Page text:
The global credit crisis took a fresh turn on Thursday as Hungary and Ukraine approached international institutions for support in an effort to avoid following Iceland into financial turmoil, Financial Times reported.
The moves came as figures showed that US industrial production plummeted 2.8 per cent in September, its largest monthly decline since 1974, though the decline was aggravated by hurricane disruption and a strike at Boeing, the aerospace company.
The Philadelphia Fed survey of regional business conditions – which was positive in September – plunged to minus 37.5 in October, its worst reading since 1980, suggesting that the economy deteriorated this month.
The mood in Europe was unsettled as Budapest received a ?5bn credit facility from the European Central Bank and Kiev said it was seeking an IMF loan of up to $14bn to “stabilise Ukraine’s financial system”. It was the first time in the 15-month credit crunch that multilateral agencies such as the International Monetary Fund had taken steps that are likely to lead to a bail-out of continental European countries – a clear sign of the acute difficulties debtor nations face in raising finance from credit-starved markets.
“Many countries seem to be experiencing problems because of the repatriation of private capital by foreign investors or the reduction of credit lines from foreign banks,” Dominique Strauss-Kahn, IMF managing director, told the Financial Times. “We are ready to support these economies and we are in discussions with a number of them.”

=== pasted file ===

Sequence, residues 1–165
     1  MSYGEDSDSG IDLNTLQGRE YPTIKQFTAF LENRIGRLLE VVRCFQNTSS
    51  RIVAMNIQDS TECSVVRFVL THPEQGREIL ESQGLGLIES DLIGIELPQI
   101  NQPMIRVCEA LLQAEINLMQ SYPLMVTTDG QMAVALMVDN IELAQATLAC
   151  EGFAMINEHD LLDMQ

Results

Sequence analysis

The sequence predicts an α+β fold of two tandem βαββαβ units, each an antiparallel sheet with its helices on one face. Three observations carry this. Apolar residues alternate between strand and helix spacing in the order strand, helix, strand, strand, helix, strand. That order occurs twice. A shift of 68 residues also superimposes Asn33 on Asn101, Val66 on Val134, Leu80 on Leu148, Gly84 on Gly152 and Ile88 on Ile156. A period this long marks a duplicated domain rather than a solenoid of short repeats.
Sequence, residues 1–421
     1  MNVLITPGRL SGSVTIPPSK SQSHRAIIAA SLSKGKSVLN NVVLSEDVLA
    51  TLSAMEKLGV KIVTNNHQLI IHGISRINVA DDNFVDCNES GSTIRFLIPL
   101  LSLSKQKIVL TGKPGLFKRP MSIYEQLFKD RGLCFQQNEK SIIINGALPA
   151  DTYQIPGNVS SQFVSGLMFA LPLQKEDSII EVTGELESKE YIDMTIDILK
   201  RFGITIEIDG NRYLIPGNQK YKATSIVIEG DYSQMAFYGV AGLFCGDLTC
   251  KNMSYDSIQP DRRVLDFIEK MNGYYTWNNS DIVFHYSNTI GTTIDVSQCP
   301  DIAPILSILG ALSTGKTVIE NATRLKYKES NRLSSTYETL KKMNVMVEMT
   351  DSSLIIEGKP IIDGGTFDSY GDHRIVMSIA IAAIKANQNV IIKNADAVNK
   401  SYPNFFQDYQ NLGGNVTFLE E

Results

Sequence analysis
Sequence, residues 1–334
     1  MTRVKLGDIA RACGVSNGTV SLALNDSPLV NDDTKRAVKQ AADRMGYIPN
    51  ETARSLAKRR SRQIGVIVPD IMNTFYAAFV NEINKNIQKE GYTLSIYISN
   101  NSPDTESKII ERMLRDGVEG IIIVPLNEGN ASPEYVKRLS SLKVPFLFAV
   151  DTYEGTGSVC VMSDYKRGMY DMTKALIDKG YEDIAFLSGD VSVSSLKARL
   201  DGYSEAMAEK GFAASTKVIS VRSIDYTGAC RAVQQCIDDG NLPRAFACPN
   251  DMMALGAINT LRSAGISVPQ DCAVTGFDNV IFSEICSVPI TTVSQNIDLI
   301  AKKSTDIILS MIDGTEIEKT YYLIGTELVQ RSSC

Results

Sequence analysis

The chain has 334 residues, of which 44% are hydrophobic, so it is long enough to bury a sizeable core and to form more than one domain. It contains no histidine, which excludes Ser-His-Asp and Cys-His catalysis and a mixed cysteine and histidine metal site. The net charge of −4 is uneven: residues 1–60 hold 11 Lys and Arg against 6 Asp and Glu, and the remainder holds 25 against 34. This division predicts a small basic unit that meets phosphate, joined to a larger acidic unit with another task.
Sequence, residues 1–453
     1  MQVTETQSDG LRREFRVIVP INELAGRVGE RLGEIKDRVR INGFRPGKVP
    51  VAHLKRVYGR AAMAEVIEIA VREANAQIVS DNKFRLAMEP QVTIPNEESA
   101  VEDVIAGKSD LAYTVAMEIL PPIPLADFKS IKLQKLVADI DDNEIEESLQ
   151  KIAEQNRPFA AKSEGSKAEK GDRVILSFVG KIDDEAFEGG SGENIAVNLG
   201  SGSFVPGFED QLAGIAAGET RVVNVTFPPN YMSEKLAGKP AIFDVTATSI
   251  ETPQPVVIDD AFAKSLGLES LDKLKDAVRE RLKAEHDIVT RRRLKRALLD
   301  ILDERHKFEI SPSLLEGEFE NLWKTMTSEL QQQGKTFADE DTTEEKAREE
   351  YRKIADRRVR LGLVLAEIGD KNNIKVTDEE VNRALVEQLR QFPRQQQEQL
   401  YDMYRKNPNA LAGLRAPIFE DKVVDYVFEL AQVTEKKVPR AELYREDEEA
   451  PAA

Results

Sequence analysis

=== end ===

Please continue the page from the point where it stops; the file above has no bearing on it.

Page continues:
Hungary’s problems stem from foreign currency loans and big budget deficits. Ukraine’s banks face difficulties repaying foreign credits as the current account is widening. Authorities in both countries insisted they were not in difficulties.
The eastern European moves came as fears of a global recession triggered unprecedented volatility in the markets.
The S&P 500 closed up 4.3 per cent, after having been down as much as 4.6 per cent. Wall Street’s fear gauge – the Chicago Board Options Exchange Volatility Index, or the Vix – hit a record 81.17 during the day.
The Federal Reserve said its balance sheet had swelled another $179bn in the past week, driven by a sharp increase in lending through its credit auctions and to foreign central banks in the shape of offshore dollar loans.
The Fed’s balance sheet now stands at $1,772bn – double its size a year ago.
Earlier, Japan’s Nikkei 225 index fell 11.4 per cent, its worst one-day decline since the 1987 stock market crash. The FTSE 100 in London closed down 5.3 per cent at a five-and-a-half year low.